Grandson of WWII veteran and Navajo Code Talker visits USD
Anthony Anaya-Gorman traveled to USD to speak to students and community members about his grandfather’s experience as a Navajo Code Talker in World War II.
In 1942, 29 Navajo men were sworn into the Marine Corps. They became influential to United States communication tactics in the Pacific Theater.
The group of men translated and relayed sensitive information through the Navajo language. From that action came the group title of Navajo Code Talkers.
They started with 200 terms and by the end of WWII they had established and used 478 new words in the code.
“What makes this impressive is they had to memorize this,” said Anaya-Gorman. “They weren’t allowed to have field books out where they were, so they were often brought back to the coast lines to go ahead and learn and refresh all of this. And again, they could do this in 20 seconds and under two minutes which is faster than any other code that the military was using at the time.”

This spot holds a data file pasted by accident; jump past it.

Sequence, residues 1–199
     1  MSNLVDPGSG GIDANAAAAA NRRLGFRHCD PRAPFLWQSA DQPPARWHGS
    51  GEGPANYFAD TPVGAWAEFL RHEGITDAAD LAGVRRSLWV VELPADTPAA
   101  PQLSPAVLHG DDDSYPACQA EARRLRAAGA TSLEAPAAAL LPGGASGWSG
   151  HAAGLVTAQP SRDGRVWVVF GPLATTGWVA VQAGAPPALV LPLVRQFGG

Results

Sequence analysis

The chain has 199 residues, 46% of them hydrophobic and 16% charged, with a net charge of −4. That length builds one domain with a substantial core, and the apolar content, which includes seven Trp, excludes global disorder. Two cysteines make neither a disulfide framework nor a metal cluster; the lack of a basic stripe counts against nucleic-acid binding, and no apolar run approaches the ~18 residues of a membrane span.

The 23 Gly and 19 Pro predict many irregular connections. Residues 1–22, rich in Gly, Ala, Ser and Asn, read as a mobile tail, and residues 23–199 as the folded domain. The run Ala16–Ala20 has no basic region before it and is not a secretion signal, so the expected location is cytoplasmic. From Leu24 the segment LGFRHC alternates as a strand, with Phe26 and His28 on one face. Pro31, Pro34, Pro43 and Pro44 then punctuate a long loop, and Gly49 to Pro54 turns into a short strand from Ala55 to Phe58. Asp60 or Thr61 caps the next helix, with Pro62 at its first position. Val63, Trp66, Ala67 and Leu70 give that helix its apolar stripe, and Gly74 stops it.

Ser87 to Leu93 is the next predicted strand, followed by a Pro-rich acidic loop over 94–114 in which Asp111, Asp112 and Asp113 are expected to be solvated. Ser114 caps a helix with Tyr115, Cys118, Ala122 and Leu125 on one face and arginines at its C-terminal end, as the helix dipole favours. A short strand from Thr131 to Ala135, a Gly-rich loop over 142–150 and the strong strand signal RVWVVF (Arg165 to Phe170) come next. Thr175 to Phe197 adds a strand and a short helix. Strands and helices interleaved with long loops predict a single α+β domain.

Besides being behind a large linguistic feat for the Navajo language, the code talkers altered the view of Native American language at the time.
Across the nation Native American children were being sent to boarding schools designed to assimilate them to the European culture. Many of those schools did not allow the children to speak their native languages.
“That’s why I think looking at the code talker story overall is [important]. Asking him to go from don’t speak your language you’re going to get in trouble for it, to now we need you to do it,” said Anaya-Gorman.
The presentation took place the week of Veteran’s Day and was sponsored by USD’s Native Student Services and Veterans Resource Center.